John Leo

An actual debate on the merits of racial preferences has taken place on an American campus, Utah State University. Whether the Guinness World Records book is interested in this news is not certain. I know I am. Astonishingly, the university administration did not step in to halt the proceedings on the grounds that feelings might be hurt. The debate was civil, with some booing and cheering on both sides. Some students seemed a bit testy or angry. But as one student sponsor of the debate said, "that?s part of politics and discussing divisive issues." This breakthrough raises a startling question: is it possible that other universities will begin experimenting with free speech?

Could be. The fog of censorship on campus is beginning to lift, thanks to the pressure of litigation, bad publicity and ridicule from a new and more pugnacious generation of collegians. The litigation is being handled by groups such as the Center for Individual Rights, the Alliance Defense Fund, and -- most spectacularly -- by the Philadelphia-based Foundation for Individual Rights in Education (FIRE), which is now a major player in the campus wars. These groups have been winning free-speech cases one after another, creating momentum that is forcing many censorship-minded administrators into a defensive crouch.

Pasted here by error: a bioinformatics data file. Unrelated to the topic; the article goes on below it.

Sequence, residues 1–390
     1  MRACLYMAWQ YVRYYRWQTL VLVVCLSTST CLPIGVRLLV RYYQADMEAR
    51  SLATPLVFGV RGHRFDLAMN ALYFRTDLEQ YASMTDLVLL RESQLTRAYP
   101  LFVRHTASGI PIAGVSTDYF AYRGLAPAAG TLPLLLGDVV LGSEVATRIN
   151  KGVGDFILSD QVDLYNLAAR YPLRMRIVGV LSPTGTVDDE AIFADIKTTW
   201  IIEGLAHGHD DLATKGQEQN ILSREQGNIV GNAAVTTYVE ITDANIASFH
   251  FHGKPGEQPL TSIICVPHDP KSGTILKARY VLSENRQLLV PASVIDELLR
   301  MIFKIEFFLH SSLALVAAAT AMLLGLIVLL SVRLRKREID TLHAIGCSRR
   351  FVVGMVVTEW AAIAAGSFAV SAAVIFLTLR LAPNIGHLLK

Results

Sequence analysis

For most of the 1990s, speech restrictions met little resistance. After the courts struck down campus speech codes, universities simply (and dishonestly) recast the speech codes as behavior and anti-harassment policies, using extremely broad language to forbid expression that annoys, embarrasses or ridicules. The language made almost every accused student guilty as charged. The mainstream press ignored the issue and students generally held their tongues, fearing retaliation. Now the students know how to call FIRE, and FIRE knows how to call Fox News. "The difference is that students now know they can win," said Thor Halvorssen, who recently stepped down as the chief executive officer of FIRE. Sometimes the victories are astonishingly easy. When FIRE sued Citrus College in California, the college quickly yielded, lifting its policy banning all "offensive . . . expression or language" and eliminating its policy of confining student protest to three small areas on campus.

John Leo

John Leo is editor of and a former contributing editor at U.S. News and World Report.

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